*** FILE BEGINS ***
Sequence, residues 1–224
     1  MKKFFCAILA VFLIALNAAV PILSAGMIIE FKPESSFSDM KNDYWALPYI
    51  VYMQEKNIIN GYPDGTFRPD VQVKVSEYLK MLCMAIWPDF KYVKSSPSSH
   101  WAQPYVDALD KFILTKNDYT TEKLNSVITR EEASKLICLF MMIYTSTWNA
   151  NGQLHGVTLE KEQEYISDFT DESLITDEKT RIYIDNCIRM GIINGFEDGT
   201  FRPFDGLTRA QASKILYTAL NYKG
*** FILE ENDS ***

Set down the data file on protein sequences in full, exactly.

Sequence, residues 1–224
     1  MKKFFCAILA VFLIALNAAV PILSAGMIIE FKPESSFSDM KNDYWALPYI
    51  VYMQEKNIIN GYPDGTFRPD VQVKVSEYLK MLCMAIWPDF KYVKSSPSSH
   101  WAQPYVDALD KFILTKNDYT TEKLNSVITR EEASKLICLF MMIYTSTWNA
   151  NGQLHGVTLE KEQEYISDFT DESLITDEKT RIYIDNCIRM GIINGFEDGT
   201  FRPFDGLTRA QASKILYTAL NYKG